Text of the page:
Jennibel (1863)
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By The Numbers
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Built
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Sank
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Lives Lost
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Depth (ft)
 
 
Service History


The Jennibel, a two masted 110 foot schooner owned by Captain Christianson of Milwaukee, had been engaged in trading at various points on the Door Peninsula for several years. At the time of the disaster she was loaded with a typical cargo of cord wood and hemlock bark.
Final Voyage


"After weighing anchor from Egg Harbor with a hold of cord wood and a deck load of bark, the Jennibel sailed north to Plum Island. Here she was capsized by a sudden squall from the south. Fortunately for the crew, the mishap was observed by Captain Burnham aboard the tug, Gregory, who rescued them from the stricken vessel. The Gregory took the Jennibel in tow and proceeded toward Sturgeon Bay to have the schooner pumped out. South of Chamber's Island, the weather again deteriorated and the Jenniebel sank. The tow line was buoyed and the tug retreated to await calmer weather. When the wind went down, the Gregory tried to refloat the Jennibel, but the tow line broke during the attempt. Thus the vessel settled in 100 feet of water."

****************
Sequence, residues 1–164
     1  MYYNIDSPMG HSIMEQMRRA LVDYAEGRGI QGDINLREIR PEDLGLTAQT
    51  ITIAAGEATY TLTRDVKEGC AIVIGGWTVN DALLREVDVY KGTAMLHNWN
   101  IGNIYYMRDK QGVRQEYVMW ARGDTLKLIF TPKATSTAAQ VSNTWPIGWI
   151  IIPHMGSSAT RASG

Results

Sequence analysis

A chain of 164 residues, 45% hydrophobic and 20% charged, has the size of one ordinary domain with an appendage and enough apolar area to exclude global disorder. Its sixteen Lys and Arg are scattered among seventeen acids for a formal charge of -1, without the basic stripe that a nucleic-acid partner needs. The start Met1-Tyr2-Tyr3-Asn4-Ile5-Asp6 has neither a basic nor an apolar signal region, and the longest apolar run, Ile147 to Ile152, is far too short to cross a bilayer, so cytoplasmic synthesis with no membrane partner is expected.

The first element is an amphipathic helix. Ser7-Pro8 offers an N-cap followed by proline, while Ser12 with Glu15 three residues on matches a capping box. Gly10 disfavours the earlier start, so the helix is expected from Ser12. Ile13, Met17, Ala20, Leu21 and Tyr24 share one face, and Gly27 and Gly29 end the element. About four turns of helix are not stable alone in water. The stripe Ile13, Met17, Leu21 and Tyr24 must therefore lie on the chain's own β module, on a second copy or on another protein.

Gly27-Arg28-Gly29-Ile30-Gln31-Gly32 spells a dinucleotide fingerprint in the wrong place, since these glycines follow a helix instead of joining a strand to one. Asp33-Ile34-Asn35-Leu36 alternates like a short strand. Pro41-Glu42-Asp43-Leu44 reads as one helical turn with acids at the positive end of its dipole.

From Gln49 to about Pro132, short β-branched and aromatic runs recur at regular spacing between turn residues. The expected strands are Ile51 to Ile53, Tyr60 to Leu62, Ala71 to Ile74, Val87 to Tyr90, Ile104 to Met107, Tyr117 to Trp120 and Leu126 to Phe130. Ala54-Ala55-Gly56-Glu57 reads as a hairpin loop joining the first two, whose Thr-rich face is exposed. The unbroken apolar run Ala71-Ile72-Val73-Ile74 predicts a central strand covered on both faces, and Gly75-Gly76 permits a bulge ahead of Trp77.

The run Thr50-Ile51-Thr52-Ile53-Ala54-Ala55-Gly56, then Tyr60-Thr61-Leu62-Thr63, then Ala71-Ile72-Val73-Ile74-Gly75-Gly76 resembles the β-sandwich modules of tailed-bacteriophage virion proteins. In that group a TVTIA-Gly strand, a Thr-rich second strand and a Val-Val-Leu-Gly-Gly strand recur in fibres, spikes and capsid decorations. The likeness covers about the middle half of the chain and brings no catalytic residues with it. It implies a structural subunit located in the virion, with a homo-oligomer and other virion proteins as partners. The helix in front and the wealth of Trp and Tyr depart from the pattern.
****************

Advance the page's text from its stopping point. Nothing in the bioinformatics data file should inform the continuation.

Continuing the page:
Today


"The vessel, Jennibel lies upright in 105' of water, hull is intact except for the stern, which is broken off (due to a salvage effort) and lies 30' behind the main section. Masts and anchors were salvaged; centerboard winch is still intact, as is the anchor windlass, with the chain weaving through the hawse pipes around the windless and down into the chain locker. 5-7 deadeyes remain on the chainplates, 2-3 on the forward port side. the ships cargo of cord wood remains stacked in the hold. The wreck is located on the "bank" of an ancient riverbed, and the water depth drops to 150' just off port side."
 
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